The funding settlement assumes councils will raise their tax by the highest allowable 4.99% © Bloomberg

Remortgaging activity has surged to a near-decade high as Britain’s homeowners rush to lock into low-rate loans amid uncertainty over Brexit.

Homeowners remortgaged loans to the value of £9.2bn in October, the highest monthly total since November 2008, when it hit £9.3bn, according to figures this week from UK Finance, which represents mortgage lenders. The number of loans they remortgaged — at 50,500 — also hit a 10-year peak since November 2008, when 68,500 were remortgaged.

Jackie Bennett, director of mortgages at UK Finance, said: “Remortgaging has reached its highest level in almost a decade, as homeowners take advantage of a competitive market and lock into attractive deals. This also reflects the large number of fixed-rate mortgages coming to an end, which is expected to continue into 2019.”

The remortgage market has grown sharply in recent years, filling a gap for lenders left by a dwindling appetite for new loans for home purchase in a cooling housing market. The prospect of rising interest rates, flagged by the Bank of England, has encouraged people to sign up to new fixed-rate mortgages or other discounted rate deals.

Cuts to interest rates on fixed-rate deals are the main battleground for mortgage providers. Aaron Strutt, mortgage broker at Trinity Financial, said: “The lenders we speak to are still very focused on competing to offer the cheapest rates. Despite the Brexit turmoil, that hasn’t really changed.”

Fixed rates below two per cent remain widely available to those with relatively high levels of housing equity. Leeds Building Society, for example, is offering a two-year fixed-rate mortgage at 1.39 per cent for those with a deposit (or housing equity) of at least 35 per cent of the property’s value, although this carries a relatively high fee of £1,999.

HSBC has a three-year fix at 1.66 per cent for its Premier customers with a deposit of 40 per cent, which carries a £1,499 fee. Santander has a 1.69 per cent three-year fix carrying a £999 fee, while Skipton offers a 1.79 per cent five-year fix for a £1,995 fee, which also requires a 40 per cent deposit.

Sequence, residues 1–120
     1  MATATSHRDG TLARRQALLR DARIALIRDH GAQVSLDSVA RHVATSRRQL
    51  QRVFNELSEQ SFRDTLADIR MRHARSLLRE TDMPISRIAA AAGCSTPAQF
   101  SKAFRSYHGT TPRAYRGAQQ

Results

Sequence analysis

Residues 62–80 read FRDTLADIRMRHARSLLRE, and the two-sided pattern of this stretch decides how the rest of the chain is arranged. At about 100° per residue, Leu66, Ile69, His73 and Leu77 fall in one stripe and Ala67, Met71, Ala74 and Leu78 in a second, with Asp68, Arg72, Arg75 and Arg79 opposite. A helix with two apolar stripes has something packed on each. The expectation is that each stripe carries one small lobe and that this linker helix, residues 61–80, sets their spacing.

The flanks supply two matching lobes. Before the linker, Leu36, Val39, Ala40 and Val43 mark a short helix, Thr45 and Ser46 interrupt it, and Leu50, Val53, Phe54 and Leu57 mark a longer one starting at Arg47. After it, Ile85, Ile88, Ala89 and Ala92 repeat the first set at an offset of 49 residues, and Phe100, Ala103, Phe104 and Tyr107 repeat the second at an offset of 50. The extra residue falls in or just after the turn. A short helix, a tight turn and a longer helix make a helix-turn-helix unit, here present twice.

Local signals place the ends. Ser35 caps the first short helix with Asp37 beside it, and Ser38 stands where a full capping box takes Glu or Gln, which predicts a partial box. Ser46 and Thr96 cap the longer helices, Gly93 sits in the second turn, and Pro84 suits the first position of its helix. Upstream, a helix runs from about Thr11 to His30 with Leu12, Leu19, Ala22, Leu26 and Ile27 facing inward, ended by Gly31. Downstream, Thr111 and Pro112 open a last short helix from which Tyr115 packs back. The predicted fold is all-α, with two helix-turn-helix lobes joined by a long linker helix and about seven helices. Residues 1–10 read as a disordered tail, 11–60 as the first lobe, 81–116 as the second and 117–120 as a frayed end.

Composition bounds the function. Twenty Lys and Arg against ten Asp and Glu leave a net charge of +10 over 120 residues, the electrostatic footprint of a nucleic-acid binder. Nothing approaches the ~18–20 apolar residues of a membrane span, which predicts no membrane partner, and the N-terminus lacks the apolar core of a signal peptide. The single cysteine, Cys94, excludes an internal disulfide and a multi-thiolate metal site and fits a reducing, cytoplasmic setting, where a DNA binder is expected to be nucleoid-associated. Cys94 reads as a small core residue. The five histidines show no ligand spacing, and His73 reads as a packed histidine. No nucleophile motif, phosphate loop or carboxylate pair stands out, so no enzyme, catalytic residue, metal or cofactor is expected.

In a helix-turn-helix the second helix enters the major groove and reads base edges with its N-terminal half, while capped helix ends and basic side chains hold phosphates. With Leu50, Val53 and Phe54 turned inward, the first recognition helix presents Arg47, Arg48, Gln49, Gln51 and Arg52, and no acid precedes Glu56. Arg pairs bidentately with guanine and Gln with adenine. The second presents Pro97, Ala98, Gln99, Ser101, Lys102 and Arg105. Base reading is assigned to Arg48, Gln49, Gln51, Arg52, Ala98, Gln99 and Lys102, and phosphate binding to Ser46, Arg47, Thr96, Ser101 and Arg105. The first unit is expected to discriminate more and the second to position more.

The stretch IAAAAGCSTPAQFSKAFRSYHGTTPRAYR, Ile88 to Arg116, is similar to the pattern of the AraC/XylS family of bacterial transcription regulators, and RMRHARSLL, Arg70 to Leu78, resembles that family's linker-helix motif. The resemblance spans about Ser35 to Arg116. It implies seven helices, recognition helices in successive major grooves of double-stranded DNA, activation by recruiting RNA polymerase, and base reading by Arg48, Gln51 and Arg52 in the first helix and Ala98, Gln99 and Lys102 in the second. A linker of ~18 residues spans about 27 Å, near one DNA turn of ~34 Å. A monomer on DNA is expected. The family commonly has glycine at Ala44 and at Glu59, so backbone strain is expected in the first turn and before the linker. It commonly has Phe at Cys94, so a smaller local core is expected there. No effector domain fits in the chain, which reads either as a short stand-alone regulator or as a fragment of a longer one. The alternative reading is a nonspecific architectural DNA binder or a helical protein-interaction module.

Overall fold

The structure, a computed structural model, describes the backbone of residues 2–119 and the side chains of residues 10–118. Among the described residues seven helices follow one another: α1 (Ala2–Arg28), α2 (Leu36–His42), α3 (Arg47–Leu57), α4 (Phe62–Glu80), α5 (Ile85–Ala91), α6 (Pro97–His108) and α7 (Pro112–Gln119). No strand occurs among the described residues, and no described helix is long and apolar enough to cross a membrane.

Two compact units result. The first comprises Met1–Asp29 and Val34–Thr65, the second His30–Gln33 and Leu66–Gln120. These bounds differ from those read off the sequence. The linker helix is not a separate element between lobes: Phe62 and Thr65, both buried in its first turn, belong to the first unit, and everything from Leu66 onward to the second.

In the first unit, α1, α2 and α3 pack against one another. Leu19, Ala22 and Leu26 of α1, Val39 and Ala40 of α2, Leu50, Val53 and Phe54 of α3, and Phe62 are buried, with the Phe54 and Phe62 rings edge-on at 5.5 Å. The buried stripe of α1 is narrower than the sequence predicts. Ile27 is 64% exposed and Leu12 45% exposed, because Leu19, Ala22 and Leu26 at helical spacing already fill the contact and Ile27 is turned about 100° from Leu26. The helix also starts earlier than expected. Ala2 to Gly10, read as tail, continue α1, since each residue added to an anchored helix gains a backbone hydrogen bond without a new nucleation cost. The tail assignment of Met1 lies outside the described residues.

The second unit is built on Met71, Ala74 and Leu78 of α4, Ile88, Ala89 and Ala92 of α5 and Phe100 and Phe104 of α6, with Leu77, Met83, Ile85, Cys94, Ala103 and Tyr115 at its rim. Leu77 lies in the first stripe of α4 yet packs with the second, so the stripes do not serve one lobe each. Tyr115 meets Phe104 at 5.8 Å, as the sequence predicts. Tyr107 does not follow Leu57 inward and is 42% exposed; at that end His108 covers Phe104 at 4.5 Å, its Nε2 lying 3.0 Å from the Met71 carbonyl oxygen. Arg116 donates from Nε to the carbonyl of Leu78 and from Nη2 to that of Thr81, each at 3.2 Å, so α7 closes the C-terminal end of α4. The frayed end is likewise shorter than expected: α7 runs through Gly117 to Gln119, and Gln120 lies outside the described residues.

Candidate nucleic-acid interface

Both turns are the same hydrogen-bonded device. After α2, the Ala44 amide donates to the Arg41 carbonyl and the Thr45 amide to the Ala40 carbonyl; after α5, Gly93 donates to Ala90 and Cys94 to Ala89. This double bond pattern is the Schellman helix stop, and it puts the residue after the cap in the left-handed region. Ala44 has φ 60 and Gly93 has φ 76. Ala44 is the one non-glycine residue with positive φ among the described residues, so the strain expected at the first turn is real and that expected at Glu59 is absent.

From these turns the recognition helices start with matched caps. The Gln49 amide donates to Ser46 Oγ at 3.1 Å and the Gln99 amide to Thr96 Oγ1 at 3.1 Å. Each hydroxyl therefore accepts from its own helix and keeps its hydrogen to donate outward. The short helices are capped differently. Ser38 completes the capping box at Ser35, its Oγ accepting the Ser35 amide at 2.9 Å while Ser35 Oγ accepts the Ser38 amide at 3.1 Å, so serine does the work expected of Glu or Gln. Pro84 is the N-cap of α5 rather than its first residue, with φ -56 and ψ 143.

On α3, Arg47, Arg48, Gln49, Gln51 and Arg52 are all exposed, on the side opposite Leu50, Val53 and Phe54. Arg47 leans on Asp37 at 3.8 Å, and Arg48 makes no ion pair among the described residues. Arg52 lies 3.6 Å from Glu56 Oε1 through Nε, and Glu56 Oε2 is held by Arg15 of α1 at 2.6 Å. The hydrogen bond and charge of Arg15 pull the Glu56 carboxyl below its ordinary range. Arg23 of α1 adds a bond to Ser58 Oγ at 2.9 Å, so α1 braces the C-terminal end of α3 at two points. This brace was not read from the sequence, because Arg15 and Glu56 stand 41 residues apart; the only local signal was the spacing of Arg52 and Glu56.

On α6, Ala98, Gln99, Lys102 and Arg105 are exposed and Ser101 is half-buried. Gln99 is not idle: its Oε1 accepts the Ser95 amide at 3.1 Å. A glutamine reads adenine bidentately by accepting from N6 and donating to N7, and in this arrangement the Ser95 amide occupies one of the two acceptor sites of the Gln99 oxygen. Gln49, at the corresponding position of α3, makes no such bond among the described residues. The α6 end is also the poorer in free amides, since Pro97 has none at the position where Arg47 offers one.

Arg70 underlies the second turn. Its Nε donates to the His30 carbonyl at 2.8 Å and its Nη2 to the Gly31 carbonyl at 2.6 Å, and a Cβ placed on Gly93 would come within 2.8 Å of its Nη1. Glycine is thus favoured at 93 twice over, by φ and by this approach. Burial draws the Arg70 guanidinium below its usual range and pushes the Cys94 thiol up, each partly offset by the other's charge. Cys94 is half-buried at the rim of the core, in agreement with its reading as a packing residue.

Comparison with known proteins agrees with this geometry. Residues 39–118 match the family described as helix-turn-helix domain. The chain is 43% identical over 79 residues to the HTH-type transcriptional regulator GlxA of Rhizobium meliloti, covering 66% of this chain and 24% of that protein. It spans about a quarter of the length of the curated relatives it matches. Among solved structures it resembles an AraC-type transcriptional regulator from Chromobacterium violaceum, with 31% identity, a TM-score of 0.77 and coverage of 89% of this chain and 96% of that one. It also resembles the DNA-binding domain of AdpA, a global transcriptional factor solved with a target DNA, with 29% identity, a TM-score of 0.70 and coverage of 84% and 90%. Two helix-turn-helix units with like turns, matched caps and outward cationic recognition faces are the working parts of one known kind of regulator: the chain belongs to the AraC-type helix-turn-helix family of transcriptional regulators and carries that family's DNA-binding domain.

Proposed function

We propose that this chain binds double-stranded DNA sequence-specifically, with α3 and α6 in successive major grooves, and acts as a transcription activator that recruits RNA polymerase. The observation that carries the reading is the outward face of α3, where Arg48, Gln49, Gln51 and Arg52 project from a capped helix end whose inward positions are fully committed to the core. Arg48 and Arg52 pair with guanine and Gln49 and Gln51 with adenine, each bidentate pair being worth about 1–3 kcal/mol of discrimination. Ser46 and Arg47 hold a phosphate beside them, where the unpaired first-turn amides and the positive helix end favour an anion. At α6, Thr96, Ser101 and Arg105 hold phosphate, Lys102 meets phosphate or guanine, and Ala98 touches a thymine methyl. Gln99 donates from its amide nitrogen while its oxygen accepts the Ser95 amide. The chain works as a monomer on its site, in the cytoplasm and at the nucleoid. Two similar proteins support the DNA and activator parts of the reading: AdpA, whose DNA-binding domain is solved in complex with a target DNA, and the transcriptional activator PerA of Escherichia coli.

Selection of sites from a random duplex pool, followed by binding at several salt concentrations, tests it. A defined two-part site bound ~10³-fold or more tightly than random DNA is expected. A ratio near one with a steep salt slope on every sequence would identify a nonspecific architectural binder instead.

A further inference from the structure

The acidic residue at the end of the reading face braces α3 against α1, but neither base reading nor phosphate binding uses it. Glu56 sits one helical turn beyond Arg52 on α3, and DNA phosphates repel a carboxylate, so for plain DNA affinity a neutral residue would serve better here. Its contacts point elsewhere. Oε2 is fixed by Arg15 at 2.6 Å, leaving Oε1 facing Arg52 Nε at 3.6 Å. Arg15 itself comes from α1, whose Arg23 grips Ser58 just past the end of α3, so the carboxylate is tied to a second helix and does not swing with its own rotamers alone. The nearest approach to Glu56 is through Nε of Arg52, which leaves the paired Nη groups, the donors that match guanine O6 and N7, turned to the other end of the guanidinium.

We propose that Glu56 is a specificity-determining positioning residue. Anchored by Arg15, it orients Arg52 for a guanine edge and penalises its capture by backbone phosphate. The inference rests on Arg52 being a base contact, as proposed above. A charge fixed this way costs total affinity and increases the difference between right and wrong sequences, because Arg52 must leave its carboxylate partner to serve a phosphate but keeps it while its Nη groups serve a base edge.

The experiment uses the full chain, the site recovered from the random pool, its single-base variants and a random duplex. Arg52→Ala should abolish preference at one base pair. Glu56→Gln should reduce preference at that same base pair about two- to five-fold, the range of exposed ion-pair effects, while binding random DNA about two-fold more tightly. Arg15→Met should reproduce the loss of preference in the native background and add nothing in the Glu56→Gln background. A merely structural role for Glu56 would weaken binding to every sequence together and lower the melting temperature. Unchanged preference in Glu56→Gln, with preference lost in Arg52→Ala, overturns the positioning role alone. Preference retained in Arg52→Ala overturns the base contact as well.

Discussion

Andrew Montlake, director at mortgage broker Coreco, said lenders were offering “Christmas cracker” deals a little earlier than usual this year, as they were keen to make up for the shortfall in the purchase market to hit their lending targets. These efforts to win customers via attractive deals are set to continue into the new year, he said. “Rates are going to have to be competitive from a lot of lenders to try and make inroads.”

Remortgaging activity is driven not only by seductive rates but by the life cycle of current fixed-rate deals. A surge in two-year fixed-rate deals signed in 2016, for instance, produced a commensurate boost in remortgaging around the middle of 2018, as the fixed-rate periods came to an end. A further spike is expected between April and June next year, according to UK Finance.

Such waves of remortgaging are likely to become less pronounced in future, however, as more people are now spurning two-year deals to take up longer-term fixes of three or five years, partly because the cost of fixing for longer has dwindled in recent years.

“Nearly half of all the fixed-rate lending so far this year has been for five years or more, compared to less than 30 per cent two years ago when the clear preference was still the two-year fix,” said James Tatch of UK Finance in a note published earlier this year.

For those seeking maximum reassurance in the face of political uncertainty, lenders have also been trimming rates on 10-year fixes. TSB, for instance, has a 2.39 per cent 10-year fix for those with a 40 per cent deposit carrying a £995 fee. “Even though the rate is higher than the cheapest short-term mortgages, the long-term payment security is appealing to many borrowers,” said Mr Strutt.

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